Glossary of Terms

Pantone, PMS

The full name is Pantone Matching System, or PMS. It's commercial system for describing colours consistently, using reference patches in printed swatch books. These are usually encountered in printing as Pantone numbers specified for a certain colour, often on a company logo or similar house colours. Pantone is very wide ranging, with colour sets for plastics, paints, textiles as well as printable colours.


The original printing medium, still very widely used for books, newspapers, magazines, brochures, posters, fine art and many other applications. Any printing process will be able to print on paper, although different paper coatings may be needed for specific ink types.


Stands for Portable Document Formant. It's the dominant file format used for exchanging printable documents in the printing industry. It was developed by Adobe Systems in 1994 as was originally proprietary, though widely used. It is now an ISO standard, developed by a committee, which may explain why it has not changed much in recent years.


A variant of PDF/X that can include variable data, which is particularly useful for digital printers where every copy can be different. PDF/VT-1 can contain lists of variable information internally, while PDF/VT-2 (so far not released) will be able to reference external databases, allowing the same file to print different content. As with other PDF variants, this is now an ISO standard (ISO 16612-2), with development by committee.


This is a subset of PDF that outputs documents in a tightly defined way, so there is less chance of failure due to unprintable elements if the file is opened and printed by a third party. This is called "blind transfer," because the receiving end doesn't need to have any knowledge of the creation settings, just that it is a PDF/X file (which self-identifies itself).

Phase change ink

A type of ink that is a wax-like solid at room temperature. It is heated in the printhead to become a liquid that is then fired at the medium. It is most commonly used by Xerox in its Phaser range of office printers, but the same company uses a variation of the process in its CiPress series of high end web-fed inkjet production printers.


One millionth of a litre. The usual measure for ink drop sizes generated by inkjet printheads. These typically range from 3to 100+ picolitres depending on the head and nozzle. The smallest sizes are usually confined to greyscale heads for high quality tonal work. See Greyscale Heads, Printhead.

Piezo printhead

One of the types of printhead that generate drop-on-demand printing. A piezo-electric material (which is a type of crystal) has the property of expanding or contracting when an electric current is passed though it. The effect is used within piezo inkjets to form an actuator, which is essentially a pump for the ink within the printhead chamber.


A colorant within an ink. Pigments are insoluble, relatively large particles, generally making them more resistant to fading than smaller dye colorants that are fully dissolved.


A curing method used with UV cured inkjets. A low intensity burst of UV light starts the curing and stops droplets spreading, but leaves the ink liquid enough to smooth over and give a glossy surface before it is fully cured by a second, higher intensity UV burst.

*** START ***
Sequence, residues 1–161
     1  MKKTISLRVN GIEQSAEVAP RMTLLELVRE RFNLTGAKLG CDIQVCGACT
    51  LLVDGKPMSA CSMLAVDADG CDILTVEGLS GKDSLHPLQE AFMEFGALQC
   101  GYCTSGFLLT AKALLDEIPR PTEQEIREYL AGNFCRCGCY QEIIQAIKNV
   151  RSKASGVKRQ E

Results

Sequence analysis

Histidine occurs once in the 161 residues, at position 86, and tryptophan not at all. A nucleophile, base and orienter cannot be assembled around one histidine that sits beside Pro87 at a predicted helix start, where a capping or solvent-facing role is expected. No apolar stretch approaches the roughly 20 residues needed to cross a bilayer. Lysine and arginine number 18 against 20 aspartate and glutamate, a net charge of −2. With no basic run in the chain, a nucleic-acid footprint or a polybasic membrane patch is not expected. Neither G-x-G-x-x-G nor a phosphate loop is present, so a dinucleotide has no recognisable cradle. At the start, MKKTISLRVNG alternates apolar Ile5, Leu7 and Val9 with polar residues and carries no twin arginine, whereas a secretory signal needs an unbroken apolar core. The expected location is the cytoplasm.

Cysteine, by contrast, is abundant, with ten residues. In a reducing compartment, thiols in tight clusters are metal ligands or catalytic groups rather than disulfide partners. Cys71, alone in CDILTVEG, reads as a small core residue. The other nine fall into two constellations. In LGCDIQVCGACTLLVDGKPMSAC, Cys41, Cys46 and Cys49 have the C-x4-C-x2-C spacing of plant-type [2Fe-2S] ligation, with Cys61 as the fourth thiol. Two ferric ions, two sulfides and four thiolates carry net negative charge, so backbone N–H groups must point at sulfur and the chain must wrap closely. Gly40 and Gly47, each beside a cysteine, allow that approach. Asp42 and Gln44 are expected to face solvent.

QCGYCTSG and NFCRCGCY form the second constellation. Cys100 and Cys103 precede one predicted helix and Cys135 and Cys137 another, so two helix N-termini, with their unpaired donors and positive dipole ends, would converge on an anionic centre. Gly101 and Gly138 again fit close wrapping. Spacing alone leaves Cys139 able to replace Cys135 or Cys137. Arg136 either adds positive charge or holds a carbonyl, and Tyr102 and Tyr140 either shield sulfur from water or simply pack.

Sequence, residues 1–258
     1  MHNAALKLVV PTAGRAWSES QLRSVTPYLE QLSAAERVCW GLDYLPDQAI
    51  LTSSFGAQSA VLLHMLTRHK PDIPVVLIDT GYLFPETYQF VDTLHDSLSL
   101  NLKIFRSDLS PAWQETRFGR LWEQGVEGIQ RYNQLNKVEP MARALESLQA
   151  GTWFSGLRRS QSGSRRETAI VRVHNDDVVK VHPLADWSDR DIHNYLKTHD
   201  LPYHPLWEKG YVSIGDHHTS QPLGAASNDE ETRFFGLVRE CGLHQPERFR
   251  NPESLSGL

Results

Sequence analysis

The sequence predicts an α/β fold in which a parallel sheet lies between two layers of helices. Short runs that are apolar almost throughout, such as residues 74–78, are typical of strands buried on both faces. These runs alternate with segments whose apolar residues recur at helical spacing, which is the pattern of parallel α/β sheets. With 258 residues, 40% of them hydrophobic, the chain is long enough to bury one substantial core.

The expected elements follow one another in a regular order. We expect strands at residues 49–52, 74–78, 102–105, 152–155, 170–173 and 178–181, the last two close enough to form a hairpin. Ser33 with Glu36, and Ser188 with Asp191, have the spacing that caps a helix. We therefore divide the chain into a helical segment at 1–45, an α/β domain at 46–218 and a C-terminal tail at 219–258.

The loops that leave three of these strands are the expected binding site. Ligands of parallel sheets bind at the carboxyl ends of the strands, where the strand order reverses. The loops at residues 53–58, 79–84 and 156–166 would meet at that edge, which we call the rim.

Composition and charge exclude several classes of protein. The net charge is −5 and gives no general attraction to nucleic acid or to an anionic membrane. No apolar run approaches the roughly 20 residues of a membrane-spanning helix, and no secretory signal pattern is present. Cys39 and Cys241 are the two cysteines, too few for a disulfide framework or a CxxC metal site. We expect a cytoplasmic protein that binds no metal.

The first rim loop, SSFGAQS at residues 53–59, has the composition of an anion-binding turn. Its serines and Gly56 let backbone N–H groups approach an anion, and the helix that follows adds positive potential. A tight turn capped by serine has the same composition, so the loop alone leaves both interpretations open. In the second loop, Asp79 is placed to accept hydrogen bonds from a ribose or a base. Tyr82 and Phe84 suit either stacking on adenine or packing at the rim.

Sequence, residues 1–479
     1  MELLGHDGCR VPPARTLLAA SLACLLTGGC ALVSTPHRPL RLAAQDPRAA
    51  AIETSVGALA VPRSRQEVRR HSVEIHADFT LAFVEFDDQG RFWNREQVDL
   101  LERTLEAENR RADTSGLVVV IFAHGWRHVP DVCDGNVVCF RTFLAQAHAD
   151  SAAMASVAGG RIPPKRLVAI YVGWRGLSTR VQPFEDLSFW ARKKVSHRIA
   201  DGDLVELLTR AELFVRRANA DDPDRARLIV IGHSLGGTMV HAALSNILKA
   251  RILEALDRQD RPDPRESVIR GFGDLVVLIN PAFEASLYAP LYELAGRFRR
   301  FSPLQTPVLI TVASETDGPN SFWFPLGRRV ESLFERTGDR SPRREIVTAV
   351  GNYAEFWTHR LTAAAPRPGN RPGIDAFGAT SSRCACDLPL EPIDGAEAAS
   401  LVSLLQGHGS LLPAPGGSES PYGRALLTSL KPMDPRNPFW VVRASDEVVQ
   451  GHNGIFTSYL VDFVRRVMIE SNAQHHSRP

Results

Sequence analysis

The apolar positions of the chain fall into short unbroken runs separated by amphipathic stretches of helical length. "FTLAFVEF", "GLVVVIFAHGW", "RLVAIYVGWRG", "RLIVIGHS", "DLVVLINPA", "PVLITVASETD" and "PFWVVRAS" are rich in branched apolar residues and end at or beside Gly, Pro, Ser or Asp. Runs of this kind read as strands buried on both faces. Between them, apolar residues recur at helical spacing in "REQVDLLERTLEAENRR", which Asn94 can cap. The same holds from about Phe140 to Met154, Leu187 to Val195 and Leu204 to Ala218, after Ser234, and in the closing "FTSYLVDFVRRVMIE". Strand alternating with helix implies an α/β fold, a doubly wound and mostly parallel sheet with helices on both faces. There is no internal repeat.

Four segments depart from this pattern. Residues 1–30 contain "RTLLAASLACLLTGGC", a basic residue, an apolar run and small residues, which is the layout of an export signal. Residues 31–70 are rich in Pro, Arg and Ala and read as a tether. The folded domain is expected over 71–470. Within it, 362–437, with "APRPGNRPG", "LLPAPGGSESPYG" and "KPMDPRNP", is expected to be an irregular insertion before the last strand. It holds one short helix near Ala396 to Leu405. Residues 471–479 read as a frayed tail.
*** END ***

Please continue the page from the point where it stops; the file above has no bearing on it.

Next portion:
Short for Pixel Element. This is the smallest element of a bitmapped image, visible on a computer screen if you enlarge the image, to show a mosaic of squares. The number of pixels in an image such as a photograph are often mistakenly called its resolution, but strictly speaking the resolution is a combination of the number of pixels and the enlargement factor, to give pixels per inch (PPI).


Stands for Portable Network Graphics. It's a bitmap file format that was originally developed for website graphics, as full-colour alternative to GIF (which is limited to 256 colours). It supports 24-bit RGB colours but not the CMYK print set. It can hold alpha channels, so objects can display on a website as cutouts. The compression is lossless.


An informal term for the appearance of an image that has bright, "punchy" colours, or other eye-catching characteristics. An older and entirely different usage to POP as an acronym for Point of Presence. See POS/POP.


Related terms standing for Point of Sale and Point of Purchase. In the printing sector it's often used as a generic description for small printed signs, special offer product boxes and other attention-grabbing items (such as wobblers), positioned on or near the checkout area or counters of a shop or similar retail environment.


A device-independent page description language which was behind the desktop publishing revolution of the 1980s and 90s. A PostScript file generated by any program can be printed on any PostScript-compatible printer. Developed Adobe Systems in 1983, PostScript saw its first application in the Apple LaserWriter of 1985.


Stands for Personalised Print Mark-up Language. It's an XML-based printer language for variable data content. It has been developed by PODI, a multi-developer organisation.

Print Driver

Control software that supplies images to a printer for printing. The driver is specifically written to control a particular printer. It may be combined into a RIP.


Also spelt as two words: print head. The core of an inkjet printer: a component containing an array of nozzles that project drops of ink towards the printing medium. See array, piezo printhead, thermal printhead.


See Flushing.

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